An interesting case was decided at the Federal Circuit a couple weeks ago dealing with enablement and permanent injunctive relief.

Edwards sued CoreValve for infringing its patent related to a heart valve. CoreValve argued that the patent was not enabled because at the time of filing the patent application, the heart valve had only been tested in pigs. The district court upheld the patent as being enabled.

Additionally, the district court denied a permanent injunction against CoreValve. Both parties appealed.

Regarding enablement, the Federal Circuit affirmed the district court, holding that human testing is not necessary to enable use in humans. It reasoned that when experimentation on humans is inappropriate, enablement may be met by animal tests or in vitro data.

Next, the Federal Circuit criticized the district court’s denial of a permanent injunction, stressing that a patentee’s right to exclude is fundamental. The majority even went so far as to say that, “Absent adverse equitable considerations, the winner of a judgment of validity and infringement may normally expect to regain the exclusivity that was lost with the infringement.” The Supreme Court eBay decision in 2006 held that a patentee that wins an infringement action is not automatically entitled to an injunction. As the majority opinion appears to be testing the boundaries of eBay, the majority clarified how its holding is consistent with eBay.

Judge Prost concurred, but disagreed with the majority’s standard for injunctive relief. Prost argued that creating a presumption of an injunction once the plaintiff prevails, which must then be rebutted by the defendant, is not the law according to what she considered was clear after eBay. To Judge Prost, the creation of a right to exclude is distinct from the remedies for violations of that right.

In the ongoing patent dispute between Apple and Samsung, Apple filed a “statement of recent decision” to support a permanent injunction against Samsung.

 

 

I love Chess.  You get to command 16 pieces, each type of piece having different rules of movement and attack, to take down the enemy in accordance with a fairly complex set of rules for conquest.  And it’s fun because your opponent has the exact same weapons and defenses as you do (besides the player that gets to go first).  So in terms of strategizing, you end up thinking multiple moves ahead.  It’s an epic game.

In the world of patent prosecution, there are also rules of attack and defense to take down the enemy that prevents your patent application from being issued a Notice of Allowance.  This world requires knowing the rules and thinking moves ahead so that your application doesn’t get checkmated.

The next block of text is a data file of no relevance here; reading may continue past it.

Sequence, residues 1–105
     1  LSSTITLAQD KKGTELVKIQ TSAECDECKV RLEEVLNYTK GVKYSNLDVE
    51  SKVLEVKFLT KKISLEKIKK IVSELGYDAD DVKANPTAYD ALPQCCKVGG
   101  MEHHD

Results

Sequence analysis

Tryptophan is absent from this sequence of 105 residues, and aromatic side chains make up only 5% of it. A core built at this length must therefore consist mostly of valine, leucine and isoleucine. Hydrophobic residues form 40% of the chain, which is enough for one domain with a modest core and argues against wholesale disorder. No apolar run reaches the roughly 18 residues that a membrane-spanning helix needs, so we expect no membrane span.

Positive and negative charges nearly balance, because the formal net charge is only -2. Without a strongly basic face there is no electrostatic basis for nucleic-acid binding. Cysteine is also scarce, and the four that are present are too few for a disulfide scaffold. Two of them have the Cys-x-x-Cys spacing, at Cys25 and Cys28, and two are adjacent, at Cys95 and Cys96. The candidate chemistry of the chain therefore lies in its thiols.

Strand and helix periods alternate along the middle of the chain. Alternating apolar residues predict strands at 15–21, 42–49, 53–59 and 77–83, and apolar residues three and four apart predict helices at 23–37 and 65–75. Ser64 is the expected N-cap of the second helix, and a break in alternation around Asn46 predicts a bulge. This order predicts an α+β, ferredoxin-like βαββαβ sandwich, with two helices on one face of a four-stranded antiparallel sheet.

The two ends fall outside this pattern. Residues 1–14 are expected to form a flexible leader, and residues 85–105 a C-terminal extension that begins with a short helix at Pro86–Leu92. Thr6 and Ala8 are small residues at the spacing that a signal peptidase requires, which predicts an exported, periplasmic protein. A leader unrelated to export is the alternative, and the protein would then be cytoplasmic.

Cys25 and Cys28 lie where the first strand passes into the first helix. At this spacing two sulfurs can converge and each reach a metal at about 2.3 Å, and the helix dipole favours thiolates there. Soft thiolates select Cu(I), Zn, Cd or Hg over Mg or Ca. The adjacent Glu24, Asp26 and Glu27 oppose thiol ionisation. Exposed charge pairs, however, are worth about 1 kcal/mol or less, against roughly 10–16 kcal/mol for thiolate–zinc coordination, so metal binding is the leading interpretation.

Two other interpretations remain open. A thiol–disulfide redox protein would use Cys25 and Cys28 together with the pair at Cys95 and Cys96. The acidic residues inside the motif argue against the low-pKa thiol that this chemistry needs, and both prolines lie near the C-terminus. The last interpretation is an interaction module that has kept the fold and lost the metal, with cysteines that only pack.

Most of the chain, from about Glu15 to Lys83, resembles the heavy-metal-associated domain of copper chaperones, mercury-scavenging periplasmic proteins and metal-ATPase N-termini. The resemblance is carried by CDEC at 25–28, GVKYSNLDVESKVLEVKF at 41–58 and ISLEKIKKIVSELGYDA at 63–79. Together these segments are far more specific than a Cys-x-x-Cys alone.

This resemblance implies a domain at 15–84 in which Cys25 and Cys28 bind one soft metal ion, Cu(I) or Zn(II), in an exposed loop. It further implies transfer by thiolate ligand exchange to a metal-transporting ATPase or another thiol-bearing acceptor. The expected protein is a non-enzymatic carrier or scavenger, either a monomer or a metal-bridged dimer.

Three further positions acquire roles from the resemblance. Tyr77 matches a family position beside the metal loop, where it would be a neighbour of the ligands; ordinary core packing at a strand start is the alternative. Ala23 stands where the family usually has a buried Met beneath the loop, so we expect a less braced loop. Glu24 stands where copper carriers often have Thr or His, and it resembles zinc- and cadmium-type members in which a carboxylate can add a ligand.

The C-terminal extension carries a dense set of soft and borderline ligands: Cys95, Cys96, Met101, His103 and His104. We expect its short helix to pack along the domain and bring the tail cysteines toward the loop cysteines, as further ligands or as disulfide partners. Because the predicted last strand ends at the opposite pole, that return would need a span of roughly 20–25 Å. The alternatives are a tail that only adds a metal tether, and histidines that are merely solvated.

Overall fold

One classic move that the Examiner will pull is issuing a “restriction.” The general basis for restriction is that the application as filed includes more than one independent and distinct invention, which are generally not allowed.  See 35 U.S.C. 121; 37 CFR 1.141.  For instance, if you have claims 1-10 related to a machine and then claims 11-20 are related to a method of manufacturing the machine, the Examiner may issue a restriction requirement saying that the application contains two independent and distinct inventions and for the Applicant to choose either claims 1-10 or claims 11-20.  The Applicant will then have to file a divisional application on the claims that are now withdrawn.

Restrictions come in two varieties: Restriction Requirement and Election of Species Requirement.  See MPEP 803.03. Both involve electing a particular group so that the only one independent and distinct invention is contained in the application and both also require a traverse if a right of petition is to be preserved. But what is the difference between the Restriction Requirement and the Election of Species Requirement? The answer to this question will help in the terms sometimes being incorrectly used interchangeably.  This confusion may stem from both requirements falling under the “Restriction” umbrella.  See 37 CFR 1.129(b).  It is helpful to know the difference not only for strategy in whether to traverse, but also in communicating with those in other jurisdictions outside the US that do not have similar Restriction practice.

A restriction requirement is proper when two or more independent and distinct inventions are recited in the claims. 37 CFR 1.141.  If the claims only recite generic claims (claims directed to one independent invention) then you’re not looking at a restriction requirement.  On the other hand, an election of species requirement is proper when there are patentably distinct species that are embraced by a generic claim.  The reasoning here is to avoid situations where the Applicant simply adds new claims that introduce independent and distinct inventions to the claims after the Examiner has not issued a restriction on the claims.  So the Examiner instead issues an election of species, for instance saying that Figs. 1-5 are distinct from Figs. 6-9 and that the Applicant must elect one group.

So in sum, in a Restriction Requirement, you have to elect claims for further examination.  In contrast, in an Election of Species Requirement, you elect an invention and then indicate which claims you believe read on that species.

One strategy tip to keep in mind. There is a temptation to view the Examiner as the opponent and to try and do the opposite of what he says.  For instance, if he comes in and takes your pawn, take it back. Therein lies the danger. Sometimes taking the bait is actually facilitating your opponent thinking a couple moves ahead.  Applied to this topic, in a Restriction Requirement, it makes a lot of sense to traverse a restriction requirement because 1) restrictions are overused and they get annoying after a while; 2) the Examiner’s probably not correct in asserting that the claims recite more than one independent and distinct invention; and 3) money is being wasted in electing claims and filing divisional applications when a search probably could be done without serious burden by the Examiner anyway.  See MPEP 806.05(d).

On the other hand, traversing an Election of Species might box yourself in later down the road. In an election of species, any traversal is saying that the species are the same and therefore if the Examiner later finds art on one species, it automatically can apply to the other species that you argued was the same. Something to keep in mind when you think you are scoring a small victory, you may be walking into a trap.